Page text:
Did you notice that I didn’t say how much WAR did the player produce for the scout’s team? The quality of a scout’s work can’t be judged based on decisions made by someone else higher on the team’s chain of command. What we want to know is whether the scout had a great eye for talent and an ability to close the deal once he spotted it.
So I combed through numerous books, SABR’s website, the Wikipedia, the Hall of Fame’s incomparable Diamond Minds online scouting database, and more to see who the great scouts before the draft were. I probably didn’t get them all, but here is a list of them with the number of signings and the career WAR of those players. In many cases these listings may be incomplete due to scant information or conflicting information. In some cases (like Joe DiMaggio) credit may be due several individuals. In other cases, there are competing claims, and I left them in for all claimants.
SCOUT SIGNED WAR NOTABLES ====================================================================== CHARLEY BARRETT 1909–39 65 474 Bottomley, R.Ferrell, Hafey, P.Martin JOE CAMBRIA 1932–62 80 396 E.Wynn, Oliva, Pascual, Vernon BOB CONNERY 1912–24 16 279 Hornsby, Combs, Meadows, B.Meusel JOE DEVINE 1924–51 32 576 J.DiMaggio, P.Waner, Cronin, J.Gordon JACK DOYLE 1920–58 17 431 By.Herman, Hack, Hartnett, Galan MIKE DRENNAN ~1910–32 18 479 Foxx, H.R.Baker, Rommell, Schang JOE ENGLE 1920–33 11 365 Goslin, Cronin, Myer, Hadley BILL ESSICK 1925–50 33 333 J.DiMaggio J.Gordon, Lazzeri, Gomez TOM GREENWADE 1940–64 38 541 Mantle, J.Robinson, Reese, Campanella POP KELCHNER 1912–58 88 715 Musial, Medwick, Shawkey, Maranville DICK KINSELLA 1907–30 42 858 Frisch, Hubbell, Groh, Fletcher PAUL KRICHELL 1920–55 62 670 Gehrig, Ford, Lazzeri, Keller GENE MCCANN 1927–43 11 126 Keller, Sauer, McQuinn, Raschi JOHNNY NEE 1927–49 12 228 Dickey, Dx.Walker, B.Chapman, Werber ALEX POMPEZ 1948–71 27 534 Mays, McCovey, Marichal, Cedpeda FRANK RICKEY 19??–53 24 312 Mize, Slaughter, Marion, Maglie CY SLAPNICKA 1921–60 29 489 Feller, Boudreau, Averill, Harder LARRY SUTTON 1909–36 31 537 Vance, Wheat, Daubert, Ehmke
This is the information we have on these guys, and they are the most notable scouts of the period that we’ve located in various searches. There must be scores more scouts, perhaps many of them great, but we don’t know about them from the limited information we have.
You can see that DiMaggio, Lazzeri, Keller, and several others are allotted to at least two scouts. DiMag, in particular, was the result of a team scouting effort. But others, well, who can say? I haven’t noted it above, but in many cases, the players you see are attributed by various sources to different or several scouts who may not appear on this list. It’s not entirely clear that Alex Pompez literally signed all those Latino players. He frequently teamed with Giants colleague George Genovese. We do know that he generally had a hand in signing them, but I don’t have access to team contracts to know for sure who did what.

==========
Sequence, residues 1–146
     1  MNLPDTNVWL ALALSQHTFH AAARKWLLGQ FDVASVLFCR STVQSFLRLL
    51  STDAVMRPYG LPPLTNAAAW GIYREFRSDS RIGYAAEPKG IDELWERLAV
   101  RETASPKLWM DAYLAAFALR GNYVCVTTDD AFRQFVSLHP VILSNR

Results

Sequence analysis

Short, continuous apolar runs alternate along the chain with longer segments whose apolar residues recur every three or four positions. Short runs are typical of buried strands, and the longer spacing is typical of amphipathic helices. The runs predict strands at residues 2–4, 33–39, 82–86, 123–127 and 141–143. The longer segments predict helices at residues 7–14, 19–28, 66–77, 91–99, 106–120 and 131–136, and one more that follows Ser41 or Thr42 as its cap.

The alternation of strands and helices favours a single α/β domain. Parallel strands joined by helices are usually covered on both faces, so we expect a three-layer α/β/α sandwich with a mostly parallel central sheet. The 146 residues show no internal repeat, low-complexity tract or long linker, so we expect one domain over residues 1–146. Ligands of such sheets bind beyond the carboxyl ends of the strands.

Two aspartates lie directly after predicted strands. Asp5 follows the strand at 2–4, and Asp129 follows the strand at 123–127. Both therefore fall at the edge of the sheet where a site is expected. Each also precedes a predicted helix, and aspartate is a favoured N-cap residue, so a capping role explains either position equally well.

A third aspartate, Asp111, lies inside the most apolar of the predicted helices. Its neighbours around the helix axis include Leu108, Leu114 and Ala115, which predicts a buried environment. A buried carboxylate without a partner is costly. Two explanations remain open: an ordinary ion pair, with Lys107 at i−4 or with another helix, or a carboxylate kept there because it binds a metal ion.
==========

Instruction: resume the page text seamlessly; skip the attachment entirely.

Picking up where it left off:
And this is why as we’ve explored all these guys, we determined that scouting excellence is not the most important factor for HoME consideration. Doing something pioneering in the position is. But you should be excellent too. So the question is whether any of these guys were pioneers.
Diamonds in the rough?
If we only went by the number of players or the WAR they generated, we’d be in on Pop Kelchner and Dick Kinsella. The latter, as John McGraw’s right-hand man did huge work to propel the Giants fortunes in the 1910s, 1920s, and 1930s when they battled with the Cardinals for the distinction of the NL’s best team. We’re not in on them. If we went only by reputation, we’d be keeping Paul Krichell around for Final Jeopardy. We’re not. None of these guys did pioneering work. All were part of a wave of innovation, but not demonstrably responsible for it.
In fact, the only scout we thought long and hard about bringing to the final dance was Tom Greenwade. The reason for this is simple. Greenwade was the scout Branch Rickey sent on the mission to break the color line. He spent three years watching players of color. All in secret. The situation took several turns along the way, but ultimately, Greenwade trailed Jackie Robinson, watching him 20 times before Robinson signed. [Incidentally, Greenwade didn’t sign Jackie; the scout took a very lucrative offer from the Yankees shortly before the signing took place.] Consider the monumental level of risk to Greenwade’s own career, to his team, to the entire African American population of the US. All of it rode on his evaluations of the many highly capable players of color in the world. Never before had scouting meant so much, achieved so much. Never, we hope, will it have to again. And Tom Greenwade was the man in the middle of it all.
But…to read the story of it, Greenwade didn’t find Robinson. Jackie was recommended to Branch Rickey by a sportswriter in the African American community. Greenwade was more a lever Rickey pulled as part of a grand scheme than an agentive actor in the pioneer mold. Greenwade did his job fabulously, and, yet, I can’t say that means quite enough. To put it in crasser terms, Greenwade was a platoon sergeant, while Rickey was the general who won the war.
I don’t feel great to cross the scouts off the list of remaining candidates, but I do feel that we’ve thought through the pros and cons of electing a scout pretty thoroughly. Certainly as thoroughly as we can given the information available to us. Theirs is a plight, along with that of coaches, that really ought to be recitified by the Hall of Fame. We are hewing close to their example to retain an apples-to-apples comparison, even if we are Pink Lady apples and they are Red Delicious. So we can’t willy-nilly throw open the doors to a scout simply for excellence. It’s more nuanced than that. Once the Hall moves in that regard, we’ll be at liberty to do so as well, and we will gladly do so.